Vanuatu uses drones to deliver vaccines to remote island
A baby on a small Pacific island has become the first person given a vaccine delivered by a commercial drone.
Unicef arranged for the drone to be flown some 40km (25 miles) across rugged mountains in Vanuatu that otherwise take hours to cross.
About 20% of children in Vanuatu don't receive important vaccinations because the supply is too difficult.
The UN children's organisation hopes that drone delivery will in future be of vital importance in remote areas.
"Today's small flight by drone is a big leap for global health," Unicef executive director Henrietta Fore said.
"With the world still struggling to immunize the hardest to reach children, drone technologies can be a game changer for bridging that last mile to reach every child."
While drones have been used before to deliver medicine, Unicef says this was the first time globally that a country had contracted a commercial drone company to get vaccines to remote areas.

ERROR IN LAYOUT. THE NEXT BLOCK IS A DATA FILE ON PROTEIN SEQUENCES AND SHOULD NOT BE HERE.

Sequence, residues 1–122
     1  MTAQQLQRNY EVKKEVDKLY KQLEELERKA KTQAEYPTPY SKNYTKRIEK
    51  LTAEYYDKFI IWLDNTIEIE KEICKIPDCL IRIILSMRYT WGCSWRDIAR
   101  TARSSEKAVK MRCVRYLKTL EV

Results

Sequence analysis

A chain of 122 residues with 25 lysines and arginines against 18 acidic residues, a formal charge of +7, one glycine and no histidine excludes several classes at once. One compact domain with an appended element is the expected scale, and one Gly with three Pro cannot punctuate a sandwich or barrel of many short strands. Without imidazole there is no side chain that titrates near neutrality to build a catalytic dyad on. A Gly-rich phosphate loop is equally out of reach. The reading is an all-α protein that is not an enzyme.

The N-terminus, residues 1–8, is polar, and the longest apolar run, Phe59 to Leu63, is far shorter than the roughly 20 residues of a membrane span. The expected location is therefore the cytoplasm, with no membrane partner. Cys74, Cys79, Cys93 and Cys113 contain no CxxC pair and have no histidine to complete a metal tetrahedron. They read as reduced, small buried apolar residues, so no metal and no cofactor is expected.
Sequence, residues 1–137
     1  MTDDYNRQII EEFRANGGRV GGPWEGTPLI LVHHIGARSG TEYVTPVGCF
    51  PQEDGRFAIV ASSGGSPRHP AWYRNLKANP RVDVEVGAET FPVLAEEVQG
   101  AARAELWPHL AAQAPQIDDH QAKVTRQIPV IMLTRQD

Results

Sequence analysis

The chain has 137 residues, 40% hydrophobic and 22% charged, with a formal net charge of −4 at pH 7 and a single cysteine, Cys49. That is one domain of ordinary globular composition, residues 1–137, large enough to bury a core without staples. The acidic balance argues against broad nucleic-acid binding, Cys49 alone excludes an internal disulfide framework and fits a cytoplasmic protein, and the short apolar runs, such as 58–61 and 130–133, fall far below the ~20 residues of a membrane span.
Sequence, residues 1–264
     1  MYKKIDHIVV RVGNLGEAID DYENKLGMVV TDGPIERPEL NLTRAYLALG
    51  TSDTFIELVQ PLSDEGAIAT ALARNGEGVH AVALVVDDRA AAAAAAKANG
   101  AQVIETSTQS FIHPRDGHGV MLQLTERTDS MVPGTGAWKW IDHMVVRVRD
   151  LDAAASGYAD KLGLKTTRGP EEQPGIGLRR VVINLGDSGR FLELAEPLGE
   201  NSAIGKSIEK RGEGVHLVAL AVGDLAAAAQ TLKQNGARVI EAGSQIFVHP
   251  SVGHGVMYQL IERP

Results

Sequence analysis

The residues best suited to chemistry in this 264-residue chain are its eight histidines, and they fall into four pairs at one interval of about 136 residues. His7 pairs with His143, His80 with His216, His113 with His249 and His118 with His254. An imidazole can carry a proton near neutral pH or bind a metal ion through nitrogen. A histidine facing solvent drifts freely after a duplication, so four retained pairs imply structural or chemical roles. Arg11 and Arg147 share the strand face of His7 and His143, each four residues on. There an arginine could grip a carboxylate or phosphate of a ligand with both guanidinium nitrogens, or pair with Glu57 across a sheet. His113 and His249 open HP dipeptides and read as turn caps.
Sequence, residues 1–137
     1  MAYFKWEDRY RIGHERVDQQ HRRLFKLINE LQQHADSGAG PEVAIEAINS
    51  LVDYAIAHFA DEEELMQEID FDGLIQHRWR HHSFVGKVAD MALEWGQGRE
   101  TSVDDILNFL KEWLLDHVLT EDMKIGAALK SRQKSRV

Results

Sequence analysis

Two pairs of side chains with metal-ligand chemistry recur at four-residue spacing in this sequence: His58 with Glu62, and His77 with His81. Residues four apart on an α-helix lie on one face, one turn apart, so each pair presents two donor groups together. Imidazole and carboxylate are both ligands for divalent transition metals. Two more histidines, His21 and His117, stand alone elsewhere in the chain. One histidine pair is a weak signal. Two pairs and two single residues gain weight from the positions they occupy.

Two companies, Australia's Swoop Aero and Germany's Wingcopter, were chosen to conduct trials last month of the project on Vanuatu.
The first proper delivery was carried out by Swoop Aero's drone. It carried the vaccines in a styrofoam box with ice packs and a temperature logger to a remote village on the island of Erromango, from Dillon's Bay on the west of the island to Cook's Bay on the east.
The medicine was then used by local nurse Miriam Nampil to vaccinate 13 children and five pregnant women.
Without the drone, Cook's Bay is only accessible on foot or by boat - both those options take hours compared to the 25 minutes it took for the drone to reach the village.
Medical supplies also have to be kept at a cold temperature.
"It's extremely hard to carry ice boxes to keep the vaccines cool while walking across rivers, mountains, through the rain, across rocky ledges," Ms Nampil said.
"As the journey is often long and difficult, I can only go there once a month to vaccinate children. But now, with these drones, we can hope to reach many more children in the remotest areas of the island."